Johnson & Johnson vaccinations to resume in Illinois
Almost three times as many Illinois residents have been fully vaccinated compared to the number who have tested positive for the virus since the pandemic began.
Illinois public health officials gave the green light late Friday for providers across the state to “immediately” resume giving shots of the Johnson & Johnson vaccine.
Chicago officials said they will administer doses of the vaccine starting Saturday, and Cook County officials said they would join in “as early as next week.”
The developments come after the U.S. Centers for Disease Control and the Food and Drug Administration determined the J&J vaccine was safe after a national “pause” prompted by a handful of women suffering blood clots.
“While we take the blood clot issue very seriously, we know that it is extremely rare,” said Dr. Rachel Rubin, senior medical officer and co-lead of the Cook County Department of Public Health. “Today’s meeting made clear that public health experts from across the country agree that the benefits of getting the J&J vaccine outweigh the risks.”
State officials said Friday the pause in administering the Johnson & Johnson vaccine allowed experts to conduct an extensive review of the cases, and that resuming vaccinations is “proof” the FDA believes the “benefits of the Johnson & Johnson vaccine outweigh its known and potential risks.”
About 760,000 doses were given to Illinois before the pause of which approximately 290,000 were administered, state officials said.
The Chicago Department of Public Health will resume distribution immediately and will begin giving out doses of the vaccine starting Saturday at Kennedy King College. Next week, it will start administering the shot at the Chicago Federation of Labor vaccination site, Chicago State University’s drive-through site, Protect Chicago Homebound and the city’s Vaccination Bus program.
“Vaccine safety is always our top priority and we are confident in the safety and efficacy of the J&J vaccine,” city health officials said in a statement Friday evening. “This pause and safety review shows our vaccine safety monitoring system is working. Millions of people have received the Johnson & Johnson vaccine with no serious side effects and serious reactions are extremely rare.”
Before the national pause, Johnson & Johnson doses had accounted for less than 4% of the 7.3 million shots that had been doled out to that point statewide. A total of 290,615 people — including Gov. J.B. Pritzker —have received it in Illinois, more than 47,000 in Chicago.
This news comes as Illinois’ average statewide COVID-19 testing positivity rate fell to its lowest point in three weeks Friday as public health officials reported 3,369 new cases of the disease.
They were diagnosed among 104,795 tests, sending the positivity rate down to 3.6% and continuing an 11-day streak without any increases in that key metric, which indicates how rapidly the virus is spreading.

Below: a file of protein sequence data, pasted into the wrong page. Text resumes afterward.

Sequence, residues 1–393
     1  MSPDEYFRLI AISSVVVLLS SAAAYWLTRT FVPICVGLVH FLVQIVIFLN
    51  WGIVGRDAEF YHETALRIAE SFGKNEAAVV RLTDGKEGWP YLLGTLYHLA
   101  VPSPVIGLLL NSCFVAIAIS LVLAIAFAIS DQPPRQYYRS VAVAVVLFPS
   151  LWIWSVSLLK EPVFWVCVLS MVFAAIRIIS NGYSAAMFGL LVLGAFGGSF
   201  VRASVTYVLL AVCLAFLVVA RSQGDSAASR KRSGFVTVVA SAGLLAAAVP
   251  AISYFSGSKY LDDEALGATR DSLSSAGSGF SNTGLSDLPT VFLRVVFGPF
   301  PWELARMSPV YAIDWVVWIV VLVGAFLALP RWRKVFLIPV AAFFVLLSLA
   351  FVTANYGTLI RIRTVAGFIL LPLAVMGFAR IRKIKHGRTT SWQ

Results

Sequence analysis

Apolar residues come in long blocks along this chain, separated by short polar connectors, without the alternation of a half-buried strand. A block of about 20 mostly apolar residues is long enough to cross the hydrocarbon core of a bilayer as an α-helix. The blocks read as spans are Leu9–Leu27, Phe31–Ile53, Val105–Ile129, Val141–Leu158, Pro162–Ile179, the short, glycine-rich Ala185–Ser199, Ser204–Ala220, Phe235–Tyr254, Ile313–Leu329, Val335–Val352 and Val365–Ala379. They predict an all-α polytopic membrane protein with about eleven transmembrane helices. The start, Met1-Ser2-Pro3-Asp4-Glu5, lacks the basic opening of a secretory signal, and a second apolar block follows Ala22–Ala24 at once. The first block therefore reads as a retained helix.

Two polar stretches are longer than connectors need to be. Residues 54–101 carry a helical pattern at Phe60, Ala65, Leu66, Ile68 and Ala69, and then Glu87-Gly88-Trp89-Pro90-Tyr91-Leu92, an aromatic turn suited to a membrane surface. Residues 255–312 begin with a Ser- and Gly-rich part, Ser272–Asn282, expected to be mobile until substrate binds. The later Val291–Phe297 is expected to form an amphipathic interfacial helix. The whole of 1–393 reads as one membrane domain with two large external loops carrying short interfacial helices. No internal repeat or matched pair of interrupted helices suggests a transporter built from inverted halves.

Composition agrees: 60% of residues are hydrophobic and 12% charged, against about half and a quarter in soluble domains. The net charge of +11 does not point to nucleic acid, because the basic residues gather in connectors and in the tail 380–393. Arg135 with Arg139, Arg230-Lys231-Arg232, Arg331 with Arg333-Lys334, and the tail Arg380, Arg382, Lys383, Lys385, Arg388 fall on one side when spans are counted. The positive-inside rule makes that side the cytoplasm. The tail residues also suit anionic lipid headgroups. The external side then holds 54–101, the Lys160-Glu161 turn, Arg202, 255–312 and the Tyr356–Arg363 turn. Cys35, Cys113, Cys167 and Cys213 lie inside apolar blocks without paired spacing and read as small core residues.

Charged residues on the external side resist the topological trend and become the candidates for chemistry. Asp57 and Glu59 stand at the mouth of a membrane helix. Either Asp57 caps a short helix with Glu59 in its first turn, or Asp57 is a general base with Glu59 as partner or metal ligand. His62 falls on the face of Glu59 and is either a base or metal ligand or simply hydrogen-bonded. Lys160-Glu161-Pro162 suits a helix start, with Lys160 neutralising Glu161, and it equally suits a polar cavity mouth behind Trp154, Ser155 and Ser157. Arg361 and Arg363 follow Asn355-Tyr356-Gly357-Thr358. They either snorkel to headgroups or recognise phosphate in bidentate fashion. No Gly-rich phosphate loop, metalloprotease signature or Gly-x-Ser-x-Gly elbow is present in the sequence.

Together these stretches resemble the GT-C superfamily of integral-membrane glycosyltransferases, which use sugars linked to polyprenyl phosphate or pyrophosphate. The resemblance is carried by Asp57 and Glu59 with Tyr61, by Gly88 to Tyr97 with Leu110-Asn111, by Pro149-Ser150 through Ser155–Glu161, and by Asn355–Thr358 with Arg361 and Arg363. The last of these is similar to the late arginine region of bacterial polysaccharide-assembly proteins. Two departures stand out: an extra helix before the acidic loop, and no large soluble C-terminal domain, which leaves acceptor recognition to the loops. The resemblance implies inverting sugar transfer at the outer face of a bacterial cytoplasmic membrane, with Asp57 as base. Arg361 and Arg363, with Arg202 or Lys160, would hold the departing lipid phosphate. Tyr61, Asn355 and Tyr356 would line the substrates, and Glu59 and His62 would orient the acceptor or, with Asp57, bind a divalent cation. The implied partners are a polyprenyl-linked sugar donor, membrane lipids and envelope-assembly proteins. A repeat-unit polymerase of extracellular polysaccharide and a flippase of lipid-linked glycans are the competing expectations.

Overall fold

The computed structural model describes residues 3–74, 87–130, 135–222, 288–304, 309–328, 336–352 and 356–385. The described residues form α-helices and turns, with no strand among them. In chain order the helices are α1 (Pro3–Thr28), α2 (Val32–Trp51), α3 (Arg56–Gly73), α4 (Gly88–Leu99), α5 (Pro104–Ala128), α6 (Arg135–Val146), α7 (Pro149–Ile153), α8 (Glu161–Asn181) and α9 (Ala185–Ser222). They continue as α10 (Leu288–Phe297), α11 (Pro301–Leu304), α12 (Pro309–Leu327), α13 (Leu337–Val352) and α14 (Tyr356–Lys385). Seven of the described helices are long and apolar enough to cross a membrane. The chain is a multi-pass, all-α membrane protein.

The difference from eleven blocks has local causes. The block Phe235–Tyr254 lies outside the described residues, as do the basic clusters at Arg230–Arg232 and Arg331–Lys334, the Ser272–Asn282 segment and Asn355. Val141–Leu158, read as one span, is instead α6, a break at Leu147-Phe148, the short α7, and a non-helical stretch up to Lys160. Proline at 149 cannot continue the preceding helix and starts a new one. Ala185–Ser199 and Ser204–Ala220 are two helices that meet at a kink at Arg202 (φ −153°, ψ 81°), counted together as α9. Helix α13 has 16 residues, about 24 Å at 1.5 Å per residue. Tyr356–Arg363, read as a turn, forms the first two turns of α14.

State public health officials also reported a third straight night of decreasing COVID-19 hospitalizations, easing concerns — for now — that a third statewide spike in infections that started last month could spiral further out of control. Hospitals across the state were treating 2,112 COVID-19 patients Thursday night.
Chicago’s regional positivity rate is down to 5.1% compared to 5.7% a week ago, while the city’s daily rate has fallen by 15%.
“Case rates are still higher than we’d like them to be,” Chicago Public Health Commissioner Dr. Allison Arwady said Thursday. “But continued progress in the right direction is what is going to let us move toward reopening … and I’m feeling optimistic.”
New COVID-19 cases by day
Graphic by Jesse Howe and Caroline Hurley | Sun-Times
Source: Illinois Department of Public Health
But the virus also killed 22 more Illinois residents, including two Cook County residents in their 40s. The state’s COVID-19 death toll stands at 21,777 among more than 1.3 million residents who have tested positive over the past year.
Almost three times as many residents are now fully immunized, though. With the latest 136,525 vaccine doses that went into Illinois arms Thursday, almost 3.7 million residents are considered fully vaccinated — about 29% of the population.
Illinois is averaging almost 119,000 inoculations per day. All residents 16 and older are eligible for shots at providers statewide.
With supply finally catching up to demand in Chicago, city-run vaccination sites are now accepting limited numbers of walk-in appointments.
Thousands of appointments are also available throughout the week at a federally run site in Gary, Indiana.
Contributing: Manny Ramos